Editors' Note

Peter Hitchcock and Sean Grattan

To what extent is a history of Marxism also a history of Spinozism? From Marx’s invocations of Spinoza to Hardt and Negri’s accompaniment of Marx with Spinoza, we are increasingly being asked to assess the value and effect of their interrelation. The essays contained in this special issue of Mediations do not seek to offer easy ways of negotiating the difficult terrain between this philosophical Scylla and Charybdis. In many ways, what is at stake in each of these essays is the very possibility of simultaneously engaging with both thinkers’ concepts and modes of analysis. The dialectic involved demands close reading of shifting philosophical positions. What is left out, what is repressed, and what acts of foreclosure occur with the question “Marx or Spinoza” when the “or” becomes an injunction to choose?

The furor surrounding the publication of Empire seems to point to a crucial fear that something might be irredeemably lost by Marxists if Spinoza, and the attendant examination of affect, seep into cultural and political theory. In part, our project is to look into how far Marxism might be pushed before it turns into anti-Marxism or non-Marxism. Spinoza is a complicated and contradictory figure in this regard, but it seems impossible to read him carefully and not come to an understanding of his philosophy as a form of living in common. If we take communism seriously, it means invoking all of the tools, concepts, and analytics at our disposal. After all, Marxism is a fluid critical position that does change and should maintain a variable dialectical relationship with the world. Perhaps the autobiographical sketch at the beginning of Raymond Williams’s landmark Marxism and Literature might serve as a backdrop to our project: “now that I knew more of the history of Marxism, and of the variety of selective and alternative traditions within it, I could at last get free of the model which had been such an obstacle, whether in certainty or in doubt: the model of fixed and known Marxist positions, which in general had only to be applied, and the corresponding dismissal of all other kinds of thinking as non-Marxist, revisionist, neo-Hegelian, or bourgeois.”1 For some theorists, Spinoza is verboten to such a degree that the mere thought of a Marx/Spinoza conjunction is insistently unacceptable. The “or” in our title is a crucial battleground, but for us it must represent a site of ambivalence, a place where we think the turn or vacillation of the dialectic.

On the other hand, there is plenty of conceptual evidence that Spinoza and Marx are simply incompatible — that any combination of the two weakens the other, or, perhaps, that searching for moments where Spinoza adds to Marx or vice versa is simply weak thinking, sloppy scholarship, and symptomatic of the withering of academic integrity in the face of flashy trends. Spinoza, for instance, might have been what Marxists have been trying to discard (perhaps less ambivalently), since Marx first quoted him. As only one example, but perhaps a particularly damning one, Spinoza’s hesitant relationship to the multitude, to the crowd, cannot be overlooked. Without the multitude, what politics is implied? Moreover, is there room in Spinoza for a sustained examination of sociopolitical forms in crisis? As the 2008 financial meltdown reaffirmed, capitalism is a system based on crisis, and this might be an opportune time to return to the foundation of Marxian criticism rather than succumb to tangential readings of affect, power, and bodies. Or it might also be a time when we more openly engage how anti-capitalism is built and occurs across many different registers, including those that figure a potential for change in a necessarily discrepant rather than normative Marxist analytic. Some of the questions addressed by the essays include: do the issues raised by Macherey in Hegel ou Spinoza resonate with current political conditions? What challenge does Hardt and Negri’s trilogy, Empire, Multitude, and Commonwealth propose for radical notions of subjectivity and political transformation? And if we can countenance variations in Hegel, might we also think of this rearticulation in terms of Marx and Spinoza?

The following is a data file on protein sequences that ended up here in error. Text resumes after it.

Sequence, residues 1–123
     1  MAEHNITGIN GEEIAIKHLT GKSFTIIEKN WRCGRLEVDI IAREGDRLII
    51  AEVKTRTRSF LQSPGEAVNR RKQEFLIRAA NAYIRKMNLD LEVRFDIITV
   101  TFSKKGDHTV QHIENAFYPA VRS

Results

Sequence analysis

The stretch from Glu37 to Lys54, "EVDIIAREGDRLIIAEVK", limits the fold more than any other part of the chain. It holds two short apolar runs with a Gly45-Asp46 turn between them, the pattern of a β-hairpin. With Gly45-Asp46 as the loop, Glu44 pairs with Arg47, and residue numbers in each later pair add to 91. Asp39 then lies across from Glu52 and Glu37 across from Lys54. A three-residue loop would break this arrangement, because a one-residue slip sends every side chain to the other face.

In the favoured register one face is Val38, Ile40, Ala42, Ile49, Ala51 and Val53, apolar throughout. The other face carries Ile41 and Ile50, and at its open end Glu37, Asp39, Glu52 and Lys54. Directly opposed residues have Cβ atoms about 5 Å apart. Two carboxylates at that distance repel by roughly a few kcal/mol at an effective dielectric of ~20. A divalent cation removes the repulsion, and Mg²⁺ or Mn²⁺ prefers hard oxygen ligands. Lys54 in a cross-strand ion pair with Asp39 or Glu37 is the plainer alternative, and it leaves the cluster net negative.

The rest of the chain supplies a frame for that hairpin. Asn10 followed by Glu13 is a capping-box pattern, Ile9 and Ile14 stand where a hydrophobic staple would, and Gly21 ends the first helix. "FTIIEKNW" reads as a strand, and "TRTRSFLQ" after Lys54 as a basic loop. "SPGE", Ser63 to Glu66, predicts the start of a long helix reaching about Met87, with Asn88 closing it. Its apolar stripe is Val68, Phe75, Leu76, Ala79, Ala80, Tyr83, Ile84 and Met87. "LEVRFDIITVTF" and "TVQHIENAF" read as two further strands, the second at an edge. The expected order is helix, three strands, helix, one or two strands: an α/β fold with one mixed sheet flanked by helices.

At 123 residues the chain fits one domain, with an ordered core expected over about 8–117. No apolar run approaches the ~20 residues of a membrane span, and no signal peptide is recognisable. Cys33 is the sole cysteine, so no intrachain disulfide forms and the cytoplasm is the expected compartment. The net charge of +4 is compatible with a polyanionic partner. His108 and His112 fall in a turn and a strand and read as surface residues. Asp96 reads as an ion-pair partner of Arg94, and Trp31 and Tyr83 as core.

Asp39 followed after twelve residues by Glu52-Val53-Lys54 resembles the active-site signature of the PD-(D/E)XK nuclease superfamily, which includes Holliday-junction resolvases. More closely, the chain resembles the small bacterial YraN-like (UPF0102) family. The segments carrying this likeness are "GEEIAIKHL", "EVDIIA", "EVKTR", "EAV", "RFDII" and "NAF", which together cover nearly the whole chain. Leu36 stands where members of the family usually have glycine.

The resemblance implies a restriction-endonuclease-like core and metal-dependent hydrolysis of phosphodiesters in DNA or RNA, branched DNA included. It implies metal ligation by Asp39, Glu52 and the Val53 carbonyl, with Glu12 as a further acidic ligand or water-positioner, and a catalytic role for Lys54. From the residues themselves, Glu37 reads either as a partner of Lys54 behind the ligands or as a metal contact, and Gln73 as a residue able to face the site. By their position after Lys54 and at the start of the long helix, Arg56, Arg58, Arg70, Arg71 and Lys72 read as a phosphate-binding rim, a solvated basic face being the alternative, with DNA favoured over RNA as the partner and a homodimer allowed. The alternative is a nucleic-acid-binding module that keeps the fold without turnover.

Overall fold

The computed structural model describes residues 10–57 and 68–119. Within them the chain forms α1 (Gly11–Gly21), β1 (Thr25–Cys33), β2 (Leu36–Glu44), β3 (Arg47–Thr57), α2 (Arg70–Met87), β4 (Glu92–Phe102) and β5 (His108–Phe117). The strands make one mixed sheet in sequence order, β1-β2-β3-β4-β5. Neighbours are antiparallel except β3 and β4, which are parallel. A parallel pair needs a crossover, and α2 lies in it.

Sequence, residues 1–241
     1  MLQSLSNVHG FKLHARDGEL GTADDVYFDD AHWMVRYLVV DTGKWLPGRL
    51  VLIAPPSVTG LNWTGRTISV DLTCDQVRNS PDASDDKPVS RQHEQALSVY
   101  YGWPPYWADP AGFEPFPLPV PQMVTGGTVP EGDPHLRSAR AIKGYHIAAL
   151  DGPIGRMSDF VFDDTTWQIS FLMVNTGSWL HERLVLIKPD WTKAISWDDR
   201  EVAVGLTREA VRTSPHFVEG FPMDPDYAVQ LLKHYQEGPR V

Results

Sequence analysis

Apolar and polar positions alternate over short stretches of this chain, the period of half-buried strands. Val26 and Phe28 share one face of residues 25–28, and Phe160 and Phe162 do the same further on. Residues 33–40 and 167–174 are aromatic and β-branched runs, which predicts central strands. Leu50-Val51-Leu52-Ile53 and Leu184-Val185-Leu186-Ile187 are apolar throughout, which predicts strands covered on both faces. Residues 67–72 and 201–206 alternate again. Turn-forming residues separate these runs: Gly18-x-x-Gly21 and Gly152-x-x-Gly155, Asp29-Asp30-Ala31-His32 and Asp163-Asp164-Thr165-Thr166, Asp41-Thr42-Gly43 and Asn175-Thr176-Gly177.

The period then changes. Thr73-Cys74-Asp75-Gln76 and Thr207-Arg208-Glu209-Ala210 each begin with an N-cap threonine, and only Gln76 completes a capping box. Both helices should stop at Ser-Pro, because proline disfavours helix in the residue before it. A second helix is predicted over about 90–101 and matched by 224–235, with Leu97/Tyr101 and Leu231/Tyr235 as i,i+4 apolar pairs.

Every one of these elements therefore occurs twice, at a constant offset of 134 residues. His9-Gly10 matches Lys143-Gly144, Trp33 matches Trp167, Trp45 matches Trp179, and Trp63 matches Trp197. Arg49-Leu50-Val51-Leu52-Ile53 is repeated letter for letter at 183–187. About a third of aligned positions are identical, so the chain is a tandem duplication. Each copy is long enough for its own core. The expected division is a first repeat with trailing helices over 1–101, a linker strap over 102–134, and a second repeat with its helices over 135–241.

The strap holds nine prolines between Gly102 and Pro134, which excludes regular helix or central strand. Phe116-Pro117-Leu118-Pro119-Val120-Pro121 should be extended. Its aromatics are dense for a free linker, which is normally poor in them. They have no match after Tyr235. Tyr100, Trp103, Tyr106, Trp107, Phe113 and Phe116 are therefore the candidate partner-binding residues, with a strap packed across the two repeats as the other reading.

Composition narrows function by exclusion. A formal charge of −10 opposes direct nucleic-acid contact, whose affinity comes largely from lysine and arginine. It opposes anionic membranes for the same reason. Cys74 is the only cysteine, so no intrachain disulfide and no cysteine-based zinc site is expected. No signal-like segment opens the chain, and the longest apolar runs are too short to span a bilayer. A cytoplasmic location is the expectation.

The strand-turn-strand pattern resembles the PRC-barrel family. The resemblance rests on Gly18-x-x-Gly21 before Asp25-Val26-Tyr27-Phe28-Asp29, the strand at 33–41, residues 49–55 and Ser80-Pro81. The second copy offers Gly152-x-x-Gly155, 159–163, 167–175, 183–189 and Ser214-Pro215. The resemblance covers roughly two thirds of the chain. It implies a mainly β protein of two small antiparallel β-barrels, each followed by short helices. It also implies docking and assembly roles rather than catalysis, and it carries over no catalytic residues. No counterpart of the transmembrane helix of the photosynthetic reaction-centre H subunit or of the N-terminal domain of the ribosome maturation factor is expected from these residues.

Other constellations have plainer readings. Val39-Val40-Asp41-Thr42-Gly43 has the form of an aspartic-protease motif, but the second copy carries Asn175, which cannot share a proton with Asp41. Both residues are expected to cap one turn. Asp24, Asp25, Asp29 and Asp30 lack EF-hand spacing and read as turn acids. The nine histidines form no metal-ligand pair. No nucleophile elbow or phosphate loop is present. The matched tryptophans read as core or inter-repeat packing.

Peter Hitchcock and Sean Grattan, guest editors.

  1. Raymond Williams, Marxism and Literature (Oxford: Oxford UP, 1977) 3.
  2. Warren Montag, “Who’s Afraid of the Multitude?: Between the Individual and the State.” South Atlantic Quarterly 104:4 (Fall 2005): 655-73.